Back at the winter formal, Rue confronts Nate. Early in the finale, Jules confirms Rue’s suspicions about Nate’s threatening involvement with Jules. Rue keeps Nate in her sight during the entire dance, and when he steps outside, she takes her chance to follow him. In their terse interaction, Rue implies that she knows Nate is responsible for Fezco’s house raid and for blackmailing Jules. She threatens to tarnish Nate’s family reputation by reporting Cal for (statutorily) raping Jules. Nate, barely concealing his disconcertion, hurts Rue in kind by insinuating that Jules will leave her behind after high school. Comparatively, Nate’s petty remarks are insubstantial. Nonetheless, he expertly applies pressure to Rue’s deepest insecurity. His proverbial twist of the knife foretells what is to come later in the finale.
Rue and Jules part ways
Euphoria’s season finale broke with the show’s previous formula of beginning each episode with a character’s childhood background narrated by Rue. In this episode, we begin with Rue narrating her own visit to the hospital after contracting a kidney infection in Episode 7. Rue states in her voiceover that hospitals are the only places where she doesn’t have anxiety. We are reminded, not for the last time, of Rue’s identification with her father, who died from a terminal illness.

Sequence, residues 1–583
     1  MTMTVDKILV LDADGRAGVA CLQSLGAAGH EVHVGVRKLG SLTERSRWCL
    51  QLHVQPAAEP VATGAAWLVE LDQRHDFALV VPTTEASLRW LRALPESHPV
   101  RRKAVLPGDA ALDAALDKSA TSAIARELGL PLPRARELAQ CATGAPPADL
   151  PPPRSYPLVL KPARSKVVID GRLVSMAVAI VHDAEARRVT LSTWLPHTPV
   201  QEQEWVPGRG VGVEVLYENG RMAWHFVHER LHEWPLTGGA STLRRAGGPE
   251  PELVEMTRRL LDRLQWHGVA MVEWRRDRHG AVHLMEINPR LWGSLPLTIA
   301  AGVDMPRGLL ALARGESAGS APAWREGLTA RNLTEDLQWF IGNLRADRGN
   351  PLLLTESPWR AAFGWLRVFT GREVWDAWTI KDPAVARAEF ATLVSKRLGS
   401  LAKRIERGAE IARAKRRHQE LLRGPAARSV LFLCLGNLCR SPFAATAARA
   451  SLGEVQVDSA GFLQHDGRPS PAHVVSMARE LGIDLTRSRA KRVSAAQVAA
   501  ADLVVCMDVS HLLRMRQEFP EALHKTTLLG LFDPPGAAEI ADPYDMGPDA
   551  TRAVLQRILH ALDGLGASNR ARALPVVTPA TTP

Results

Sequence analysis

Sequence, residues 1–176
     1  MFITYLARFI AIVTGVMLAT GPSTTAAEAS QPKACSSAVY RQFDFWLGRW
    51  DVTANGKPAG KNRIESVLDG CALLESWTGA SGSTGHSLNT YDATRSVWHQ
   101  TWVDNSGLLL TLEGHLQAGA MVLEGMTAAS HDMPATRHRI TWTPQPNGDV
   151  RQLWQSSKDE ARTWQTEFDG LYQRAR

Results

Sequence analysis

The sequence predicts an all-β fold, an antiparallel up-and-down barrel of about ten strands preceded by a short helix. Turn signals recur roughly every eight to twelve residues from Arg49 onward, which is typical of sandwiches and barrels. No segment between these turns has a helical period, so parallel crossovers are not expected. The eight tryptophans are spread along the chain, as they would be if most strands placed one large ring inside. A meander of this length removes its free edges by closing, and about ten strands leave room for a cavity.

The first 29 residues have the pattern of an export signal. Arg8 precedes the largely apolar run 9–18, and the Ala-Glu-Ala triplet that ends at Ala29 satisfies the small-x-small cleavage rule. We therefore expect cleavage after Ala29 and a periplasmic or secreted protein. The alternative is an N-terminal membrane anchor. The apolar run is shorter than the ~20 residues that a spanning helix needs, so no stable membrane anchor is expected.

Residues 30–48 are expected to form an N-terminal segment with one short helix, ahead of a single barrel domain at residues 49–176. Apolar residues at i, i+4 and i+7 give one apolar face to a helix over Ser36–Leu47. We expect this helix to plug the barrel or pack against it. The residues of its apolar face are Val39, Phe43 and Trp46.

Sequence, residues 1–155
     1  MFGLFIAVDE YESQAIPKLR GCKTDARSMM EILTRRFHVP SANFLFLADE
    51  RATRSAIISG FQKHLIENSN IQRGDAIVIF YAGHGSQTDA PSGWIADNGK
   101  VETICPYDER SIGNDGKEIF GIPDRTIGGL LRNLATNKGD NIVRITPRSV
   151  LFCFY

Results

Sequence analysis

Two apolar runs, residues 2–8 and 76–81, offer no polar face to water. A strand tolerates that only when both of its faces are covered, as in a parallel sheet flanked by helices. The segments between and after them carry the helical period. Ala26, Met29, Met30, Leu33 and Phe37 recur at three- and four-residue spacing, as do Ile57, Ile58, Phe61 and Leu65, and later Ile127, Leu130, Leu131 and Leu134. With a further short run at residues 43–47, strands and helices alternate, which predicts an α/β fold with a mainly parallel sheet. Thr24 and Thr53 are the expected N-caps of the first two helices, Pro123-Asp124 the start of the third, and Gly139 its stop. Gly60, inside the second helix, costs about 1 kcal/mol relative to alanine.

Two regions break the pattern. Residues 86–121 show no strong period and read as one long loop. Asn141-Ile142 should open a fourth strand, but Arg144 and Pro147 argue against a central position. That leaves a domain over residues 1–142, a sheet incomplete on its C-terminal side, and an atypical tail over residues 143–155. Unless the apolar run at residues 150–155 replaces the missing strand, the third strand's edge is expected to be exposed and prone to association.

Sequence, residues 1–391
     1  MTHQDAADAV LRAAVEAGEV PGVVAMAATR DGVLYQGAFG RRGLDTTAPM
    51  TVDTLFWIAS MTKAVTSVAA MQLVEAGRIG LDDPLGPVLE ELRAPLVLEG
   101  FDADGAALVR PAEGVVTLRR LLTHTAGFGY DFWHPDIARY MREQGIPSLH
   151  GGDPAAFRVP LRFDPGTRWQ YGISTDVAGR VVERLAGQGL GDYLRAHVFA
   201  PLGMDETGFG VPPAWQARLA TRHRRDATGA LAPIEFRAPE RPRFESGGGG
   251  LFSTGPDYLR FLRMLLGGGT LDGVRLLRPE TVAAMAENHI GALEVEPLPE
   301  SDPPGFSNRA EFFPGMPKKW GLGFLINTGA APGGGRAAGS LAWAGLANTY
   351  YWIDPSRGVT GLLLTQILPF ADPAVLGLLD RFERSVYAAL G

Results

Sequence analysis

Jules visits Rue in the hospital. When Jules expresses concern that Rue ended up extremely depressed and hospitalized because Jules left town, Rue reassures her that she is not the cause. Rue’s ready acknowledgment that Jules is not responsible for her own mental state contradicts impressions given earlier in the season that Rue was becoming psychologically dependent on Jules. The finale later demonstrates, however, that Jules still figures prominently in incentivizing Rue to stay sober.